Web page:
Author captures audience with 1950s young queer romance


“Last Night at the Telegraph Club” features the blooming relationship of two young women.

Lily Hu is a Chinese-American girl who resides in the community of Chinatown in 1954’s San Francisco. She has high hopes for her future, aiming to first become a computer scientist and then eventually become a rocket scientist. Her fascination with space often gets ridiculed by her best friend Shirley, who slowly begins to succumb to the dangers of peer pressure. Lily finds herself alone for a brief period, before finding solace in the friendship with classmate Kathleen. Lily and Kathleen’s relationship gradually unfolds to become something more, but with the Red Scare plaguing the country, Lily feels forced to choose between herself and her family. In Malinda Lo’s “Last Night at the Telegraph Club”, character building and imagery is used to develop immersive storylines that draw readers in and take them on an emotional journey. 

Lo uses intense language to create long-lasting, in-depth descriptions of every character that the novel introduces, no matter how briefly they may appear. In the prologue, the first two pages alone detail a couple that Lily watches from afar, ranging from their physical appearance down to how they interact with one another, including Lily taking guesses about their personalities. Again in the first chapter, Lily analyzes the parts of each individual that she admires, as well as the parts that she abhors. Because of Lo’s comprehensive writing style, it is easy for readers to find a character that they relate to and better understand the choices that they make.

Much like her development of character, Lo uses very descriptive imagery to build up the world in which Lily lives. At the beginning of the novel, readers are thoroughly introduced to Lily’s house, school and place of work by pages and pages of written vignettes. As Lily leaves the familiarity of her day-to-day life when she meets Kath, the two begin exploring new places with each other, and the intense imagery continues. While such extensive illustrations are critical to the storyline, some may find it difficult to get through the sprawling paragraphs of text that Lo uses to inspire her readers’ imaginations. I, personally, find it challenging to read through a paragraph that takes up an entire page. Although the paragraphs of description may seem intimidating, it really helps set Lo’s writing style apart from other writers, and ends up being crucial to the storytelling.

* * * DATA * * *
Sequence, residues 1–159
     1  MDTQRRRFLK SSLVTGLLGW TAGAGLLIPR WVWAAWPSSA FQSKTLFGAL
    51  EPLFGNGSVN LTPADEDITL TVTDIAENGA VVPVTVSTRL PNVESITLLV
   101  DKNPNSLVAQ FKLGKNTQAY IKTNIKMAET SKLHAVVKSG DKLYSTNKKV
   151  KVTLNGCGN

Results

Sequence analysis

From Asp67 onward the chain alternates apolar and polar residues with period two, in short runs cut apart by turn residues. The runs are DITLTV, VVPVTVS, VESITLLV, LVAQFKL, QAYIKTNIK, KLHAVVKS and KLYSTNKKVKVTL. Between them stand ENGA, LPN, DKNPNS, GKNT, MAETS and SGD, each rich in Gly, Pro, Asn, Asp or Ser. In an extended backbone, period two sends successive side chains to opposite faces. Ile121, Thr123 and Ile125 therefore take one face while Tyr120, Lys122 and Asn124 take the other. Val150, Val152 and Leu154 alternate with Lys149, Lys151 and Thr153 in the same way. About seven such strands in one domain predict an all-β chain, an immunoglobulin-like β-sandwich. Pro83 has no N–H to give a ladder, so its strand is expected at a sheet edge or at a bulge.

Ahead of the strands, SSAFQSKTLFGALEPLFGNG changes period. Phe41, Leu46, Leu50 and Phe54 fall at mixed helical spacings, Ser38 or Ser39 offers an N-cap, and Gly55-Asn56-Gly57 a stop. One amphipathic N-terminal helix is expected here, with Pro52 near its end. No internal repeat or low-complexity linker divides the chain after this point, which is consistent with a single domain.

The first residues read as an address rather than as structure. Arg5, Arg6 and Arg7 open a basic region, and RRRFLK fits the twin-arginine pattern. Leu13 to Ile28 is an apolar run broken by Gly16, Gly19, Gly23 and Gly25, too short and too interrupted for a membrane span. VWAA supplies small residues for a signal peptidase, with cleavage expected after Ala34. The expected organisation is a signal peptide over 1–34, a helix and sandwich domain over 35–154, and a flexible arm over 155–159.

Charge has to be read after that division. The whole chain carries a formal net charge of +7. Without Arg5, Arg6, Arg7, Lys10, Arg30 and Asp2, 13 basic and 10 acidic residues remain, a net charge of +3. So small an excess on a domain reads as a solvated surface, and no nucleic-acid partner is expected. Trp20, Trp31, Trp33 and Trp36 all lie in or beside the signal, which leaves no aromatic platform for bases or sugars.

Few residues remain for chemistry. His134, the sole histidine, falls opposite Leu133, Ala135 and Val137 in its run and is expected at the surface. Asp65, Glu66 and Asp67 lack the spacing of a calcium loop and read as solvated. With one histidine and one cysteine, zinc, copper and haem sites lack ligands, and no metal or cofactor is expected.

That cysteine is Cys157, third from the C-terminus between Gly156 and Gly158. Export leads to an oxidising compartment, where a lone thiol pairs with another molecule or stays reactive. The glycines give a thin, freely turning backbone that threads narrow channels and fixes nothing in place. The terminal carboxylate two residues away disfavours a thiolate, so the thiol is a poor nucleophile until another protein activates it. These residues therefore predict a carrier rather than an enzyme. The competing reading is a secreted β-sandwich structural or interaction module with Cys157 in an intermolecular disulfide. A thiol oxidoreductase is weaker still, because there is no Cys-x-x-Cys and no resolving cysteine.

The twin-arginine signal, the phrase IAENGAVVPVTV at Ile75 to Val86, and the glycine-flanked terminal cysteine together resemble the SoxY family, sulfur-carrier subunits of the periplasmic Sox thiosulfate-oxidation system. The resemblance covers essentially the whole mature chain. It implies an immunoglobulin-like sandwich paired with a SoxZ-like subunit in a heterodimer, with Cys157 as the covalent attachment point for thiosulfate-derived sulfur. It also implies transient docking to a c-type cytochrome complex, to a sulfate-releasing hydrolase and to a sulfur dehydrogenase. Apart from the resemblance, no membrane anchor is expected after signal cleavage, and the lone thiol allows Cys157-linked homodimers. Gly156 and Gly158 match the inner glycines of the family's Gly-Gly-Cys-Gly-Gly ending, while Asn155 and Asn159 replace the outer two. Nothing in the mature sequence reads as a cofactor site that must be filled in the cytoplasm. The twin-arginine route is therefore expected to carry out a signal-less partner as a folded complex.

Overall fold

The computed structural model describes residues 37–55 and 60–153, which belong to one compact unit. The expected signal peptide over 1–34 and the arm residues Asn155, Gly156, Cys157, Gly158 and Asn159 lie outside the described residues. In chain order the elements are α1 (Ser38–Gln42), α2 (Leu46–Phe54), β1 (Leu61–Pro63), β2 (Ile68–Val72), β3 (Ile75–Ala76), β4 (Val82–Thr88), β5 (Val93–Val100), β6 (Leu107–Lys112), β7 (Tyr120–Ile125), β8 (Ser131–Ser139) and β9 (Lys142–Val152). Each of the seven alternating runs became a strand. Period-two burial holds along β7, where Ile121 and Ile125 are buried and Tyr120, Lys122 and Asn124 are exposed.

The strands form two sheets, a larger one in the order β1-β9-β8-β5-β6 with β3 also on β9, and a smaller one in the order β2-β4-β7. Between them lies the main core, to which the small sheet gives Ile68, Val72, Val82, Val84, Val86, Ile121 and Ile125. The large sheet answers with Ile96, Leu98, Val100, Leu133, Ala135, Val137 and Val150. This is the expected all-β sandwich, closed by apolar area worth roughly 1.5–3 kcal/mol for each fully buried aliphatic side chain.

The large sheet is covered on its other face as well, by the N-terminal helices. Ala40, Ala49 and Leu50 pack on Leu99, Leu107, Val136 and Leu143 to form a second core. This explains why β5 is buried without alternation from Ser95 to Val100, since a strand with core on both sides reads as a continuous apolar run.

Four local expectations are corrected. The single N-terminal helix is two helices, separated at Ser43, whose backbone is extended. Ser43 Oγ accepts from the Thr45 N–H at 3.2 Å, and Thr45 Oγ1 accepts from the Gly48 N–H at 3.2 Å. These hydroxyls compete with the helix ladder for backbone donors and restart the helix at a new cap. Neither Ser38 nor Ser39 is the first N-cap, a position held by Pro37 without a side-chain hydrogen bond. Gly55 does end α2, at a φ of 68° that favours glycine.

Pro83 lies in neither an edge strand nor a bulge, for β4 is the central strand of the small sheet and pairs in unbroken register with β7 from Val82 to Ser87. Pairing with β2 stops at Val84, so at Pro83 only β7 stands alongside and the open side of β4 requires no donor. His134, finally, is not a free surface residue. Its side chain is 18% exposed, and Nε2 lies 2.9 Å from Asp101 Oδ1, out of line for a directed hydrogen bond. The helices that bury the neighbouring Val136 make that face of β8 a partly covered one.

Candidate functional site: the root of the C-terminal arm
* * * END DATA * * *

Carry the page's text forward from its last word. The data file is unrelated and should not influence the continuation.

Malinda Lo’s Last Night at the Telegraph Club” uses intense characterization and world building to give readers a sound image of the story that she is trying to tell. If you’re looking for a story that has a good balance of facts and fiction, tied together with a heartbreaking love story, “Last Night at the Telegraph Clubwill provide you with that and more.